Of course flying to Iran is much easier, but I love train journeys and adventure. As soon as I decided to go to Iran I tought of the Trans Asia express from Istanbul to Tehran. Unfortunately, luck was not on my side. A few months ago the train had been cancelled because of security concerns.
The other option was the Dogu express. The longest train ride in Turkey taking 24 hours from Ankara to Kars in Northeastern Anatolia. There I had to continue my journey to Dogubayezit to cross the border to Iran. This journey was not as straightforward as the Trans Asia express, but little did I know about the beauty of the scenery along the way.
From Istanbul to Ankara
I arrived late night in Istanbul and my train journey started the next morning. My first mission was to go to Pendik station for the new high-speed train to Ankara. To get to the Asian side was quick and easy, but then the challenge started.
It took a while before I found a local minibus heading to Pendik station. I still had 2 hours so I tought I had plenty of time. I was wrong. The traffic was crazy and we went through endless suburbs that did not seem to end. Only 10 minutes before departure I arrived at the station for the rather dull journey to Ankara.
I had a couple of hours to kill in Ankara where I decided to have lunch in the park in front of the station. Just one month ago a bombing in Ankara killed 37 people and it was eerily quiet in the park. The only people I spotted were armed police guards trying to hide behind trees and bushes. It did not invite me to explore Ankara further with my heavy backpack.
The Dogu express
At 6 pm I finally boarded the Dogu express. I was surprised by how modern the train was. My cabinet had 4 comfortable beds. The train attendant gave me blankets, sheets and even a free pair of slippers.
As I retreated to my seat the rest of the passengers were still debating in the corridors. Men and Women were divided in several female and male cabinets. I am not sure if I was supposed to be alone, but nobody else joined me. Once the train left we were soon rolling through a rugged landscape with a wonderful sunset.
I had a good sleep and woke up to a frozen land. It was already April, but winter had not yet finished in the Anatolia highlands. The scenery was stunning. Endless mountains and fields with streams running through. After every tunnel a new beautiful view emerged and I enjoyed every hour of the train journey.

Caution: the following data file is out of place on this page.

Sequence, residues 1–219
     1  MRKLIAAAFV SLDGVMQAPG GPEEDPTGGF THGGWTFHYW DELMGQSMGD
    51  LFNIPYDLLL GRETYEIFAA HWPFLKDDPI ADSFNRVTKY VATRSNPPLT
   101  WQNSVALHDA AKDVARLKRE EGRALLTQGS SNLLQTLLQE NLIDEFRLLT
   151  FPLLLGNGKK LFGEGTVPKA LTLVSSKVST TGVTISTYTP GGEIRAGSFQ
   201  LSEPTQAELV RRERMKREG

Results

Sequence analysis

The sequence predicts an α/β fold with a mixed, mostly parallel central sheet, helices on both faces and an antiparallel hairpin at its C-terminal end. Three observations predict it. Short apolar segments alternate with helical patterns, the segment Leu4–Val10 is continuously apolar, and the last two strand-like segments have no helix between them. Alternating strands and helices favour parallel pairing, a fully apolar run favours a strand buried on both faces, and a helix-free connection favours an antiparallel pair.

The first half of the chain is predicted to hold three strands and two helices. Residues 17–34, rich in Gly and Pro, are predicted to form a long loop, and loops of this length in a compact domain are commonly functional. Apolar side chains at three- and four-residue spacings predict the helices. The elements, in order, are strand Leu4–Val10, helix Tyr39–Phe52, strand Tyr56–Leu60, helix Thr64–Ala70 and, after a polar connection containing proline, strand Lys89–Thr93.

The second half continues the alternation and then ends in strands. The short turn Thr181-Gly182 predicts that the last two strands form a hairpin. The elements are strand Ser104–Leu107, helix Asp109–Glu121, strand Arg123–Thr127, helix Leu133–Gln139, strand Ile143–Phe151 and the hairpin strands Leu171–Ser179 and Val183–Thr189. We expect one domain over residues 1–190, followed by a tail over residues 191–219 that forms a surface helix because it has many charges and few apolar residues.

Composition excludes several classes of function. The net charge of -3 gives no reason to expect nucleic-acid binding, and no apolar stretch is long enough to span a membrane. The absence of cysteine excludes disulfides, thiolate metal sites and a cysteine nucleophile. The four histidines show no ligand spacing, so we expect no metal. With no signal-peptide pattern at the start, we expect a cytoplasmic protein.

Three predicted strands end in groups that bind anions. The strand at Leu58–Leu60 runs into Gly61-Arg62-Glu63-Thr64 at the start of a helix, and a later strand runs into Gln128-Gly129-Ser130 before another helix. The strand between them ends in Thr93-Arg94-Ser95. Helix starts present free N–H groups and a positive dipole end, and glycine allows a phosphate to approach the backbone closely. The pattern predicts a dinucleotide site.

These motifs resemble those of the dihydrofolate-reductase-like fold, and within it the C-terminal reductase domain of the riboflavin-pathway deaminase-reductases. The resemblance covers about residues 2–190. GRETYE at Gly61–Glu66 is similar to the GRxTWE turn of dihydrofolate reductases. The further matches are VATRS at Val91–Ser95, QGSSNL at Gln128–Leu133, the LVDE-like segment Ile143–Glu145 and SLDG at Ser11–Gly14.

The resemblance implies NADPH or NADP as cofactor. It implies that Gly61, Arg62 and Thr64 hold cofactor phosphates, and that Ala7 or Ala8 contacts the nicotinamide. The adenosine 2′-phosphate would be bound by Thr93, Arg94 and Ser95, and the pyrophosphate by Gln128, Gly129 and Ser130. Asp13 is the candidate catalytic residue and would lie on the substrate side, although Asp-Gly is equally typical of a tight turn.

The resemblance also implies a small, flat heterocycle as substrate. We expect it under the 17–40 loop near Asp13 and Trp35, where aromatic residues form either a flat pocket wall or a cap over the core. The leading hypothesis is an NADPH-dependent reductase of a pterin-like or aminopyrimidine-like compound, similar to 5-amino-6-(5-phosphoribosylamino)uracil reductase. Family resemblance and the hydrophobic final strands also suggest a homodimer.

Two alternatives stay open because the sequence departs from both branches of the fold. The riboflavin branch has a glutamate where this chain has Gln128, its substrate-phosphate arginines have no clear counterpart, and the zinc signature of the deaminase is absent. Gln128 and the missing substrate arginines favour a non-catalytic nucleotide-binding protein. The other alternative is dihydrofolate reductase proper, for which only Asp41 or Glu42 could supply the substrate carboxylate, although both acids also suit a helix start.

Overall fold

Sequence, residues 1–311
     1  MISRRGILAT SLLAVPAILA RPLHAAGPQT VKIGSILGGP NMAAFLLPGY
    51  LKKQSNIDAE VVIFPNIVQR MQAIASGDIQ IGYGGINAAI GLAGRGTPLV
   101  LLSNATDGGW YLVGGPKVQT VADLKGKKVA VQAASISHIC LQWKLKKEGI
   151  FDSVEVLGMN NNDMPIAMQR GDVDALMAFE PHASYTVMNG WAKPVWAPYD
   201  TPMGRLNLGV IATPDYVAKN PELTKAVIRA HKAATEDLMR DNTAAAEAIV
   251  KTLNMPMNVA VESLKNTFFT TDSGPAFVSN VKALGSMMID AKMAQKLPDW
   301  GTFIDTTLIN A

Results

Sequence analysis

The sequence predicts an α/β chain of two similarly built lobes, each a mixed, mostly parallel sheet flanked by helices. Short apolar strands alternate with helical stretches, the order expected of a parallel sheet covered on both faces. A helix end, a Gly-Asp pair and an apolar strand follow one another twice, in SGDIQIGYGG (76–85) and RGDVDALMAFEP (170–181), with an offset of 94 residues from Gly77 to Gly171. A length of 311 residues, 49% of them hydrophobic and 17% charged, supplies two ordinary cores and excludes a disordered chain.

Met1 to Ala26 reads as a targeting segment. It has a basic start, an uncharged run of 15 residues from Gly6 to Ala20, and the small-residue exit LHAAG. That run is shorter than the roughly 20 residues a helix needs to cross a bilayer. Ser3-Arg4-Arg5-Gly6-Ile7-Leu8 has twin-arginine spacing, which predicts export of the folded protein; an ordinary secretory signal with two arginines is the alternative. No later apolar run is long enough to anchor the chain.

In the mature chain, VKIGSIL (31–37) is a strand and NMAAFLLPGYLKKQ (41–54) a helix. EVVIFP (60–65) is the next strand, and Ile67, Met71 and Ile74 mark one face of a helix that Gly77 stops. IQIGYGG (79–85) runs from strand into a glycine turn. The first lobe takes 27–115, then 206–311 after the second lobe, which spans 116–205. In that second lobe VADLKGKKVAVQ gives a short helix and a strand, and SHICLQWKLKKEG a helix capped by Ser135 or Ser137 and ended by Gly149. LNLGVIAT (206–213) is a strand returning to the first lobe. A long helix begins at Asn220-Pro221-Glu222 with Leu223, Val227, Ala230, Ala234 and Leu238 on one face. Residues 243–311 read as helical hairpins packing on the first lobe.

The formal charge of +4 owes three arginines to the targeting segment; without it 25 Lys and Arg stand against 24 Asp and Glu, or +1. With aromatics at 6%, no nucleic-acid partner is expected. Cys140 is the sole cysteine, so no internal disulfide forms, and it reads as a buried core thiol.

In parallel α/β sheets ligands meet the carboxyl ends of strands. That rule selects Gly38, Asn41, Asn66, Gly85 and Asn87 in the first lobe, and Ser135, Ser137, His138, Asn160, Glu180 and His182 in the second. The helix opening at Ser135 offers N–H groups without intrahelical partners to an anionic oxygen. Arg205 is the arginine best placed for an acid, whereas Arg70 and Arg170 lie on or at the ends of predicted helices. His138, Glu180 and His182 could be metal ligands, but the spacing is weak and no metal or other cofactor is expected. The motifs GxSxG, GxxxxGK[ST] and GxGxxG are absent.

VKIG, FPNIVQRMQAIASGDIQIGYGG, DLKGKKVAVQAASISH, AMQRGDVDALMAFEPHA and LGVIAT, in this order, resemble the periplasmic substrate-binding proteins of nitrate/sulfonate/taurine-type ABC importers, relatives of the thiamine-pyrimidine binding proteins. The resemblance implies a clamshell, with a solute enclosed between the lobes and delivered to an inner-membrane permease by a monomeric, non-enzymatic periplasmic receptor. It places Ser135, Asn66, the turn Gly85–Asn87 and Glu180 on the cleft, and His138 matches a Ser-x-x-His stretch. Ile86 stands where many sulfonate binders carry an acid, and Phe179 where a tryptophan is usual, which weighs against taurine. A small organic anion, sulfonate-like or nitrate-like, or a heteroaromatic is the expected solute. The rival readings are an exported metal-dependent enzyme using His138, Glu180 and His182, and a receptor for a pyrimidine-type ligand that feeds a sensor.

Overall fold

We didn’t come across many towns or villages but the ones that we did go through looked rather gloomy. Old farm houses are quickly disappearing and replaced by Ugly Soviet style flat apartments. The new buildings can not mask the fact that life is rough in this cold and desolate landscape.
After 24 hours we finally arrived in Kars, a small town at what really felt like the end of Turkey. It didn’t look very promising at first. From the outside, it seemed another gloomy town, but I was wrong.
When I tried to find my way from the station to my hotel I was immediately adopted by a family whose daughter came back home from her studies in Erzurum. She insisted she would bring me personally to my hotel and even invited me to stay at her place.
The center of Kars was very lively with shops selling fresh fruits and vegetables and families strolling through the main shopping street. For dinner I found Ocakbasi restaurant. The place looked so posh that I tought it must be way above my budget, but it was the cheapest and best food I had in Turkey.
Kars is one of the highest and coldest towns in Turkey. The next morning when I woke up there were dark clouds in the sky. It was snowing heavily once I walked to the local bus station. It was a 3 hour bus drive to Dogubayezit through small villages and over two mountain passes surrounded by mist, snow and ice. Somewhere behind these clouds was the famous mount Ararat.
In Dogubayezit it was still snowing as I made my way from the bus station to my hotel. Soon I had several invitations for tea as people seemed happy to see a tourist still coming their way.